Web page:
The Medical Minute: Concerns surrounding Vioxx

November 11, 2004

By John Messmer
Penn State Milton S. Hershey Medical Center
Penn State College of Medicine

Vioxx was the subject of the latest flap about prescription drugs. It affected millions of people in the United States and stands to keep lawyers busy for years to come. It has prompted calls for the Food and Drug Administration (FDA) to raise standards of evidence in the drug-approval process and questions about the relationship between researchers and pharmaceutical developers. The issue is complicated, but a big question for the consumer is what to do about Vioxx and others in its class. Vioxx is off the market now, but similar drugs remain. If you took Vioxx, you may wonder if you will get heart disease later or if other pain medications will do the same thing.

To fully understand the issue, a little bit of technical background is needed. Much of the pain we experience is due to a process called inflammation. Inflammation helps us heal injuries by clearing damaged tissue, preventing bleeding and increasing blood flow to the injured area so more oxygen and nutrients are provided for tissue growth. Inflammation hurts; if it did not, we would never realize when we have a cut or bruise and would not avoid potentially serious injuries and infection. Sometimes, inflammation comes from wear-and-tear on our joints as in tendonitis or bursitis and osteoarthritis. Occasionally, inflammation improperly attacks our tissues when there's no reason, as with rheumatoid arthritis.

Inflammation is a complicated chemical process, but there are two key parts of the reaction: thromboxane and prostacyclin. Thromboxane helps platelets stick together and makes blood vessels constrict. Prostacyclin opens blood vessels to keep blood flowing. These chemicals are produced by an enzyme called cyclooxygenase or COX. There are two main forms, COX1 and COX2, that are found in blood vessels, platelets and other areas. In pain, COX2 is the main enzyme, not COX1 that has a part in protecting the stomach from ulcers and helping platelets to form blood clots.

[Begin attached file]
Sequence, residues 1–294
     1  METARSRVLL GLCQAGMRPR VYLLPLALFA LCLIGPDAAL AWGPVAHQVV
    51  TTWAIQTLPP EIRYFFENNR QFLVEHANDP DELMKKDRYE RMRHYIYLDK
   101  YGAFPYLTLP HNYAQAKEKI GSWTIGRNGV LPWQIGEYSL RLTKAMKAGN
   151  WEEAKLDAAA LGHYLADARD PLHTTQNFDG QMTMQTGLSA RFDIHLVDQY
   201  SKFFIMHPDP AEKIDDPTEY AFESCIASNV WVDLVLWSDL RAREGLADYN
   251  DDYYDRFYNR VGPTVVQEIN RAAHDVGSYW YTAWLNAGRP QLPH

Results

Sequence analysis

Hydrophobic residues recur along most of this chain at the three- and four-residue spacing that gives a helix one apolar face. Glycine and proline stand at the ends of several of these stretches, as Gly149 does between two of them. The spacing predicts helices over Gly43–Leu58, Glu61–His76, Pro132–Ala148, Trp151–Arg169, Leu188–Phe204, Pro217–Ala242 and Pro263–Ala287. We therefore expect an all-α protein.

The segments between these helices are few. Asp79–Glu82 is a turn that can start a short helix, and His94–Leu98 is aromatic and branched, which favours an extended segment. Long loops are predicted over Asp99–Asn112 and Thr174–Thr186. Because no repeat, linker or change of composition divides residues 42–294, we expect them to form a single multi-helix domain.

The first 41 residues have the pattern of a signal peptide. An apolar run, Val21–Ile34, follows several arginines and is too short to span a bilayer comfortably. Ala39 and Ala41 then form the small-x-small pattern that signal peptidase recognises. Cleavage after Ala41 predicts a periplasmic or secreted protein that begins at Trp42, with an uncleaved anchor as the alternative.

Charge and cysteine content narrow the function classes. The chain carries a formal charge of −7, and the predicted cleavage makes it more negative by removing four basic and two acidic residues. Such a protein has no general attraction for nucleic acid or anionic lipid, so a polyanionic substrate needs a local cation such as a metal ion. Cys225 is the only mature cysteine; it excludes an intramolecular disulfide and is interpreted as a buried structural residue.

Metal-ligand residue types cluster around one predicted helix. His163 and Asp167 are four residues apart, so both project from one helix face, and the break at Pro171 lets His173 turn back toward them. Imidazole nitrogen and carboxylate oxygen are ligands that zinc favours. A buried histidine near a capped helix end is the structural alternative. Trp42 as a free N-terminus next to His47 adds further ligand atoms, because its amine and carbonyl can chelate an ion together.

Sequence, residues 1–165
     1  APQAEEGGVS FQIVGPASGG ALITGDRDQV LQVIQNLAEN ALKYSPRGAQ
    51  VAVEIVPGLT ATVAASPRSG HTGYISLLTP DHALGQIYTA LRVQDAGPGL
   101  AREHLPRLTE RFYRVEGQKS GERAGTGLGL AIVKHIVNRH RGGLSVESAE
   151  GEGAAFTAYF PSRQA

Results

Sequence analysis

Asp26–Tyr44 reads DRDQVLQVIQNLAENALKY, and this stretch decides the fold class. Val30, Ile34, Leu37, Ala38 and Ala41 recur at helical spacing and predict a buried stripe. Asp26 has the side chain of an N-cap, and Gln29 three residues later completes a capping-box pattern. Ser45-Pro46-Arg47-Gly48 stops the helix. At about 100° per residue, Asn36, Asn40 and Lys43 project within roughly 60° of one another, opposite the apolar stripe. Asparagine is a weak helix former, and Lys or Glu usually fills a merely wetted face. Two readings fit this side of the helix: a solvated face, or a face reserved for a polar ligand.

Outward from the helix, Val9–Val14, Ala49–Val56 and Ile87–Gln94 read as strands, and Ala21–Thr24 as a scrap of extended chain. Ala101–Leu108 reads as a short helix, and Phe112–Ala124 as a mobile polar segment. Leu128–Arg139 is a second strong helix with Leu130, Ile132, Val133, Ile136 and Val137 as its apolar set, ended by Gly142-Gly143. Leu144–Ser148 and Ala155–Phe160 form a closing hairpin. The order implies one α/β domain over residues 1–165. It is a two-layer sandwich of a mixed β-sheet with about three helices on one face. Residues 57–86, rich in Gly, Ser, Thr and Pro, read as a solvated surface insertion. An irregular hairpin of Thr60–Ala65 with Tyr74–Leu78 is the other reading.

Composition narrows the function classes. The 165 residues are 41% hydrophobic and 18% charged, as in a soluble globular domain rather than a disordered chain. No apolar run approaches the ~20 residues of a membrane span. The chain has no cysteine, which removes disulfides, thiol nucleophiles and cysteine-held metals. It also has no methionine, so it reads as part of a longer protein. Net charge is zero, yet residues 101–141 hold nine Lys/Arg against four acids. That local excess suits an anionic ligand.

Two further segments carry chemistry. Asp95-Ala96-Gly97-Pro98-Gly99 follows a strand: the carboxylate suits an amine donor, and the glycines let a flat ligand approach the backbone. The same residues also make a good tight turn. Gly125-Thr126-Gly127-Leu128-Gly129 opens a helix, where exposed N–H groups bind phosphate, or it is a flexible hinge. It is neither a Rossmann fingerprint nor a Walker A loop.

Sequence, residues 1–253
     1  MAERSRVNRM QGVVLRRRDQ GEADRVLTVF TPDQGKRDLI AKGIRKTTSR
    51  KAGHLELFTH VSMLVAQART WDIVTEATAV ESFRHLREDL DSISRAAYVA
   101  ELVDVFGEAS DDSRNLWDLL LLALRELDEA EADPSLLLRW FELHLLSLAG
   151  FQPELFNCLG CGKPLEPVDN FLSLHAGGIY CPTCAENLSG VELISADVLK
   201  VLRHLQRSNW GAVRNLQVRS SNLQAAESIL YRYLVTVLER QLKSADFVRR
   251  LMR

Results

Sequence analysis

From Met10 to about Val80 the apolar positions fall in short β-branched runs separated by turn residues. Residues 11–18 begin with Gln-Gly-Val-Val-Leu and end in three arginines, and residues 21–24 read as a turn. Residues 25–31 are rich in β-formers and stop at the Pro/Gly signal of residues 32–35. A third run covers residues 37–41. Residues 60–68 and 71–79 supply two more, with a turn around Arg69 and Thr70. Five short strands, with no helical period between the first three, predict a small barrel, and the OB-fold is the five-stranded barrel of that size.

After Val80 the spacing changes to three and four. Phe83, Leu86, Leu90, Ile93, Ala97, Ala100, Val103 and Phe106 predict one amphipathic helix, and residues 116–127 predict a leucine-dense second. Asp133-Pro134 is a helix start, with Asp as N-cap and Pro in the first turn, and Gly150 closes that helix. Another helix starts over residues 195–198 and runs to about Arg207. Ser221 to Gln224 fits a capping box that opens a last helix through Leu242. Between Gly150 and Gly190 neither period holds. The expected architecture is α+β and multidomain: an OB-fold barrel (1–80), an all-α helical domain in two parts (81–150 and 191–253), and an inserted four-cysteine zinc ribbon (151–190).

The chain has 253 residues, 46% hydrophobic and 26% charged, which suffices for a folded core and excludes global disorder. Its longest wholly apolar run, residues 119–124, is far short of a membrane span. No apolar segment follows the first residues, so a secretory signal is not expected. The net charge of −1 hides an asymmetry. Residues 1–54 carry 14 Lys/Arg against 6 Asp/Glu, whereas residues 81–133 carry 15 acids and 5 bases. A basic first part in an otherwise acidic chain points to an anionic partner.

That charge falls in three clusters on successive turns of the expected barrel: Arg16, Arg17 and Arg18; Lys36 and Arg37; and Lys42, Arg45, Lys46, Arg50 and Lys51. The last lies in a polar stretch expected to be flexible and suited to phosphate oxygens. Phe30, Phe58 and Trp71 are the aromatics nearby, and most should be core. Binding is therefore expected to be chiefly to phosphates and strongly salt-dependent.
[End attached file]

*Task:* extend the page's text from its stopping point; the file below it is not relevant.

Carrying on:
Traditionally, pain and inflammation were treated with aspirin or the steroid cortisone; both inhibit COX1 and COX2. They are great for pain and inflammation because they inhibit COX2, but by inhibiting COX1 in the stomach, there was a risk of stomach ulcers and of severe bleeding because platelets were inhibited. In the 1960s anti-inflammatory drugs unrelated to steroids called nonsteroidal anti-inflammatories (NSAIDs) were developed to avoid some of the adverse effects of aspirin and steroids. These, too, inhibited COX1 and COX2 allowing stomach ulcers to develop.

In the 1990s, a new class of anti-inflammatories was developed. This group selectively inhibited COX2 with little or no effect on COX1. They had the advantage of inhibiting the chemical reaction in inflammation but without interfering with the protective effects on the stomach from COX1. Studies showed a significant reduction in the risk of stomach ulcers when people used one of the selective COX2 inhibitors. Because they did not inhibit platelets, they could be used for surgical pain. These drugs have also come to be known as "coxibs" from the chemical name for Vioxx (rofecoxib), Celebrex (celecoxib) and Bextra (valdecoxib).

Inside arteries the COX enzyme produces prostacyclin to help keep the artery open and blood flowing to the organs. Originally, it was thought that only COX1 was in arteries, and that coxibs would not affect them. Later it was realized COX2 is the main COX enzyme there. A drug that only inhibits only COX2 could cause arteries to narrow. If that occurs in the heart and a clot forms, there could be a heart attack.

The important point is that coxibs do not cause heart attacks; rather they increase the likelihood of one happening, but it may take months for the risk to increase. The risk goes away very quickly, probably in a day or two after stopping the drug. While it is not known conclusively, many doctors think the danger is only in people already at risk for heart disease: those who smoke or have high blood pressure, diabetes or high cholesterol.

So, what's the alternative? Doctors and patients must consider the relative risks. Other NSAIDs do not seem to increase the risk of heart attack, but do increase the risk of stomach ulcers, and they can raise blood pressure and affect kidney function (as can coxibs). NSAIDs include ibuprofen (Advil and Motrin IB), naproxen (Aleve), ketoprofen (Orudis KT) and others available only by prescription. For most people, short-term use of a coxib or regular NSAID is safe. For prolonged use, discuss your individual risks with your doctor. No medication is perfectly safe, but with knowledge, risks can be reduced.

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Last Updated March 19, 2009